by Sarah Smith

Stevie walks into the café and joins the queue. He clocks the big bell that’s attached to the wall. Shiny as tinfoil, it wouldn’t look out of place on the deck of a boat or ringside at a boxing match.

This bell, though, it’s mounted on a plastic panel. There’s a wee rhyme about getting well and an inducement to ring it in public celebration if you’re lucky enough to be declared cancer-free. A thick, knotted rope dangles down. Stevie stares at it while he waits for the lassie behind the counter to get his order. He tries to imagine his Carole grabbing hold of it and letting rip; a broad smile on her face.

Stevie sits down at a table near the window and stirs his cappuccino. It’s more froth than coffee, but at least they give you a proper spoon here, not one of they flimsy plastic efforts. He slices a square slab of millionaire’s shortbread on the diagonal; the layers smash, shift, and crumble.

There’s a tune skirting around his head. An old disco number: Ring My Bell. Who was it sung that, again? Good-looking black lassie. Must have been the late seventies. Stevie gets his phone and his glasses out of his jacket pocket. Googles it. Anita Ward; aye, that was the lassie’s name. He goes to click on a link, but he doesn’t unmute, just watches the silent video. It reminds him of when him and Carole were first married. The local hotel put on a DJ at the weekends. A function suite with the tables and chairs pushed out to the side. Folk got bevvied in the bar beforehand. Guys in wide ties and dress trousers, lassies with Farrah Fawcett flicks and sticky lip gloss.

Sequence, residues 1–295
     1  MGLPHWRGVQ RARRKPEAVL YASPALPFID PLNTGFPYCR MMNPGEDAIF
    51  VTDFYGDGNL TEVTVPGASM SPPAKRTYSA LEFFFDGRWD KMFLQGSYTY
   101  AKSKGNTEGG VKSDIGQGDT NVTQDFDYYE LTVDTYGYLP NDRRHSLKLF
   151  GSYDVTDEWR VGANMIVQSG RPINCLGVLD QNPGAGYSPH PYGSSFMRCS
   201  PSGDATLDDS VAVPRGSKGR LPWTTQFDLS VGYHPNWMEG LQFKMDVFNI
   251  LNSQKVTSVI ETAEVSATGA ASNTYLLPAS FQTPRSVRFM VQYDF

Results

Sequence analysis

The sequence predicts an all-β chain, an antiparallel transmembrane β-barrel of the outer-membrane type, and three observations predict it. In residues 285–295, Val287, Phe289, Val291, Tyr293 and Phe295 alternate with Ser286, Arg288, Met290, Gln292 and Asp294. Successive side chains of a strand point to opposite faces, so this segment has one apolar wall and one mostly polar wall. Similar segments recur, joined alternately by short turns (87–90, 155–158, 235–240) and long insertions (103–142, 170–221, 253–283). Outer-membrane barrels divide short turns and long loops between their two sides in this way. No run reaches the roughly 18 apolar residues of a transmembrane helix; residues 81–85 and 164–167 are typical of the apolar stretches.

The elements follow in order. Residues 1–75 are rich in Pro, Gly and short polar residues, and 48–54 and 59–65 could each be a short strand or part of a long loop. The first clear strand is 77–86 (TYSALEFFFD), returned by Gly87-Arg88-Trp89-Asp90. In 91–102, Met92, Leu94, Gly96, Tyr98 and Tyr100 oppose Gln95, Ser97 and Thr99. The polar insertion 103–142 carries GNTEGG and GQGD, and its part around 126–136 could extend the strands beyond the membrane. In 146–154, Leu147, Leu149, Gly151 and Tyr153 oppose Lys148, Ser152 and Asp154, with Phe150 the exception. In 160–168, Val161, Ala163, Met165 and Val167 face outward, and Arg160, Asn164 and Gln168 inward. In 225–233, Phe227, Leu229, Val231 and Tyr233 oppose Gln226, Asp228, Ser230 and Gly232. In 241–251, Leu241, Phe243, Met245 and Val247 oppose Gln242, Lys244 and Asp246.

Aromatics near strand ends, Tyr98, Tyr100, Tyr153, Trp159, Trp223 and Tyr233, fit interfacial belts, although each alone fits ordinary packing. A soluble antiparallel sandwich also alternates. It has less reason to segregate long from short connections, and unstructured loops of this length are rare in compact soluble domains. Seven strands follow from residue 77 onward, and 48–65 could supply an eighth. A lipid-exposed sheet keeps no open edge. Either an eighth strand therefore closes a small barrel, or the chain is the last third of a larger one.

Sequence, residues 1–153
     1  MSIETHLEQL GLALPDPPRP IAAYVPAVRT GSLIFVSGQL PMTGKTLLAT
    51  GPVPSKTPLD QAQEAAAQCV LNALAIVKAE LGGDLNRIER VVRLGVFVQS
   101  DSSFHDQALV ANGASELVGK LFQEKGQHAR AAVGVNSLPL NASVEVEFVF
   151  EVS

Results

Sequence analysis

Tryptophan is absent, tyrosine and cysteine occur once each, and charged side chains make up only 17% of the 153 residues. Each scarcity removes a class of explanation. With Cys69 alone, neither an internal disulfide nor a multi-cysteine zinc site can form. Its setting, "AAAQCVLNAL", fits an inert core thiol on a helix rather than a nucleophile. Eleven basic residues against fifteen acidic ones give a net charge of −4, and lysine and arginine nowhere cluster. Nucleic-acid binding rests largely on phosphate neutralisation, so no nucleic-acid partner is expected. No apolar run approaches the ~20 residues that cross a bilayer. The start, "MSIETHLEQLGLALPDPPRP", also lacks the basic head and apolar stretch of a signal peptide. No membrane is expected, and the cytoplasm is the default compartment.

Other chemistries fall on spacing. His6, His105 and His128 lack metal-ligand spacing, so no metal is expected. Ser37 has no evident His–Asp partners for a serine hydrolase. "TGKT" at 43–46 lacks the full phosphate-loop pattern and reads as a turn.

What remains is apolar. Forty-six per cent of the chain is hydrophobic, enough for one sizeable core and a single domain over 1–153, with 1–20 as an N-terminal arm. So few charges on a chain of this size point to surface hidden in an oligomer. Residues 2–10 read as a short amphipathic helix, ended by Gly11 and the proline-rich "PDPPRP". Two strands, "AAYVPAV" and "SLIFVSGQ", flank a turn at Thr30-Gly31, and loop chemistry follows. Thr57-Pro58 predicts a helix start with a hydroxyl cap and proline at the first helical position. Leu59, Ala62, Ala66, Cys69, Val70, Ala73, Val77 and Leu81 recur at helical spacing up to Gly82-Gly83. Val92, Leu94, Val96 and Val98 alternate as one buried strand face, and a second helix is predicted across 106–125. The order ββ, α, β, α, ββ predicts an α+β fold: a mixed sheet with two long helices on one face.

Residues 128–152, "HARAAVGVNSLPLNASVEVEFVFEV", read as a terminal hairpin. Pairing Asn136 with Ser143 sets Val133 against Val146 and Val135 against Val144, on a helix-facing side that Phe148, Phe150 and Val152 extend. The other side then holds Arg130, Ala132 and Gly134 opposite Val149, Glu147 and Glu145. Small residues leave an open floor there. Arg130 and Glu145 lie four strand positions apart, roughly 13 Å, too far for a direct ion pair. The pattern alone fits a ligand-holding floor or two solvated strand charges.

Carole should be halfway through her treatment. Another hour or so till she comes down off the ward.

Stevie checks the time on his phone. Carole should be halfway through her treatment. Another hour or so till she comes down off the ward. He could go a walk to pass the time but the grey drizzle outside isn’t tempting. He knows fine well he’d feel better for some fresh air, but he can’t shake himself. Anyway, the café’s alright; better than sitting in the corridor up the stairs, watching subtitles stutter across a silent television screen; the same news bulletin on a loop.

She’s usually worn out afterwards, so he’ll get her a cup of tea and they’ll both sit here for a wee while longer. Then he’ll go and get the car. Drive it back round to collect her. Door to door service, that’s always her wee joke. He panics for a minute; thinks he’s forgotten where they parked earlier. Then he remembers.

He looks up at the bell again. Tries to imagine Carole walking in and catching his eye. Not quite smiling, yet. One hand on her stick to steady herself. The other reaching up to pull on the thick, knotted rope. He only realises he’s crying when a tear splashes on to the plate and pools amid the shortbread crumbs.


Sarah Smith is a writer from Glasgow. Her debut novel, Hear No Evil, is an historical crime story set in 1817. In 2019, she was awarded a New Writers Award for Fiction from the Scottish Book Trust and graduated with an MLitt (Distinction) in Creative Writing from the University of Glasgow in 2018. Her short stories, poetry, and flash fiction have been published in a range of anthologies and journals.